Postcard from Oakdale

The cast and crew of As the World Turns bid farewell to the fictional town they've called home for 54 years. On set for the end of the soap-opera era

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Michael Kirby Smith for TIME

Kathryn Hays, a.k.a. Kim Hughes, at one of the final tapings of As The World Turns

The town of Oakdale has seen its share of drama. Kidnappings are common. So is infidelity. Try to find a person who hasn't fallen into a coma, drugged an acquaintance or been party to a baby switch, and you'll be looking for a while. It's downright soap-opera-like.

That might have to do with the fact that this is a soap opera. Or at least it has been. On Sept. 17, after 54 years and 13,858 episodes, As the World Turns will go off the air, ending a show that dominated daytime television in the 1960s and '70s, with millions of viewers tuning in daily to see the latest scandal in the Midwestern hamlet of Oakdale (actually a studio in New York City). Soap operas have been on the wane for years because of dwindling ratings and how cheap it is to produce alternatives like talk and game shows; there are half as many soaps on TV today as there were a decade ago. Yet the demise of As the World Turns is a milestone. It is the last of the soap operas funded by Procter & Gamble, the company that invented the genre in the 1930s as a way to sell more consumer goods (like soap) to America's housewives. For those who like to call the ends of eras, this is one of them.

During the final days of filming in late June, that sentiment wasn't lost on the cast and crew of the show or on the fans who kept watch outside the warehouse-size studio in far-flung Brooklyn, an hour by train from the New York City most tourists know. "The economic model is from a time capsule," said executive producer Christopher Goutman as he sat in his Emmy-decorated office a floor above the show's soundstage. Soaps shoot some 250 episodes a year, one for each weekday, a herculean feat unlike anything else in television. Still, it's no match for the TiVo era: daytime shows must now compete against last night's Grey's Anatomy and Glee — and without the benefit of extra income from reruns and DVD sales.

In recent years, As the World Turns went to great lengths to try to make the economics work. The show used fewer actors, shot scenes outside in lieu of building more sets and sped up production to the point where actors didn't even rehearse on set — they simply blocked and filmed. On one of the last days of shooting, Ellen Dolan, who plays police chief Margo Hughes, stood in her character's three-walled living room, going over the script. A moment before the tape rolled, she stuffed the paper behind a sofa pillow; the going joke is that you could put together a full episode by looking in enough couches and drawers. Once the scene was shot, the stage manager hustled cameras and boom mikes along to the next set with barely a pause, not wanting to waste a second of expensive studio time.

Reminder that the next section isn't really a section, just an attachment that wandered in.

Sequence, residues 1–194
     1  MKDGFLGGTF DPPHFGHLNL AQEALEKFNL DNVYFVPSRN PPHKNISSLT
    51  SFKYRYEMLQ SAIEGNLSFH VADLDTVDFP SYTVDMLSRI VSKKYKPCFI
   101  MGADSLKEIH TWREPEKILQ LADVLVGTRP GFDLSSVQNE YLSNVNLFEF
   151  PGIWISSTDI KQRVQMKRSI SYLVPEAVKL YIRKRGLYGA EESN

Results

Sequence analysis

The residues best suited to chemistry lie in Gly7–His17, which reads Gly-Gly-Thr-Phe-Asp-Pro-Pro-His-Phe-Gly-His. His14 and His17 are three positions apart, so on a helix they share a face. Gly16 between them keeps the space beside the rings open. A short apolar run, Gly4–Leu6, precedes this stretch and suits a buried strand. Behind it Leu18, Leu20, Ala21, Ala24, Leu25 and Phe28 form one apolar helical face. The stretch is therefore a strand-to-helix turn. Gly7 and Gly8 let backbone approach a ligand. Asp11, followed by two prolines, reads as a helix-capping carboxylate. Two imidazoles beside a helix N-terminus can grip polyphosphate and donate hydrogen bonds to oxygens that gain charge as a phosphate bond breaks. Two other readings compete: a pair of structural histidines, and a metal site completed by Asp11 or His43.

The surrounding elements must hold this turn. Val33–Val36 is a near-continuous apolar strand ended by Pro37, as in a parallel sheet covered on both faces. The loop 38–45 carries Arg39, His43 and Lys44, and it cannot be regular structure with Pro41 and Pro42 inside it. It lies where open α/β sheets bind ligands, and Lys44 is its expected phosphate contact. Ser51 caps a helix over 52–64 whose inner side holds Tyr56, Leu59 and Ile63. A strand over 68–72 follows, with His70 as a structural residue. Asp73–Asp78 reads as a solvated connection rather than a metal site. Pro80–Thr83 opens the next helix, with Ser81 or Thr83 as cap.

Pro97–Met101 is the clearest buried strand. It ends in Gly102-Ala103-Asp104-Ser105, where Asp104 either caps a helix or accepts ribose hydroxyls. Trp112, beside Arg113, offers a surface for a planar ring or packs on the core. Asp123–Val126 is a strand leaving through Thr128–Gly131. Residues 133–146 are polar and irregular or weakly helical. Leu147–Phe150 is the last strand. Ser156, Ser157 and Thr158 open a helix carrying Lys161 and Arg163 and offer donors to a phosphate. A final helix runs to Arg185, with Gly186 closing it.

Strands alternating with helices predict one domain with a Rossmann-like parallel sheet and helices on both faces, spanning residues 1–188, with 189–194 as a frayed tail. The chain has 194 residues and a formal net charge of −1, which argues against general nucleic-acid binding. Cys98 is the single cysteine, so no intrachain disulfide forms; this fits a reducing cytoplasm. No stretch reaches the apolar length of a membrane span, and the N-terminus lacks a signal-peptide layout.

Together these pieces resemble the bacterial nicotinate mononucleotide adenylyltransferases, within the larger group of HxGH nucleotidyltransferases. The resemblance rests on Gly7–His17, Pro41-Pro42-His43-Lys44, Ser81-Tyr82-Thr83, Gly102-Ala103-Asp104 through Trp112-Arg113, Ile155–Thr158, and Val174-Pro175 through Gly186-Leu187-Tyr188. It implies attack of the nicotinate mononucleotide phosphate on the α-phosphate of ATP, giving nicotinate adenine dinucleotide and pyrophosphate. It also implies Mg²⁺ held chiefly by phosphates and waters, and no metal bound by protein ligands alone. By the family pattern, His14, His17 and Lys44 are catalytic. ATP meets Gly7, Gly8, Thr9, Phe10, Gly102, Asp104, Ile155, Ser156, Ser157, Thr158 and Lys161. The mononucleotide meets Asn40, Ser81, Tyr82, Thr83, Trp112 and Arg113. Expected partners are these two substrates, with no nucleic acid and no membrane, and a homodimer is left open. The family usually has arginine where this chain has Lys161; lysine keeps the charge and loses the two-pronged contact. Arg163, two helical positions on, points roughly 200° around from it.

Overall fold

But such efforts weren't enough to keep the show afloat. And so during the normal hubbub of filming in June, there was also a lot of wistful rumination about what was being lost — a training ground for young actors (Julianne Moore and Meg Ryan are among the show's alumni), steady year-round jobs (a rarity in the entertainment industry) and some of the longest running characters in TV history. "The day I realized she wouldn't be there anymore, I started to mourn," said a teary Kathryn Hays about her character, Kim Hughes, whom she's played for 38 years. That makes her "a newcomer" according to Don Hastings, who has played her husband, Dr. Bob Hughes, for half a century.

Yet the last days of As the World Turns were also full of celebration, reminding one cast member of "an old Irish wake." There are reasons, after all, fans mailed in bars of soap to protest the cancellation. Talk to loyalists and you quickly see that for all the show's dramatic flair, the real draw lies elsewhere. Part of it is the comfort of family. As rich girl turned farmwife Lily Snyder tells her son in one of the show's final episodes, "You don't have to do any of this alone." And part of it is an odd yet permeating sense of hope. Eight failed marriages is no reason not to believe in true love. "All these horrible things happen," says former co-head writer David Kreizman, "yet these people persevere."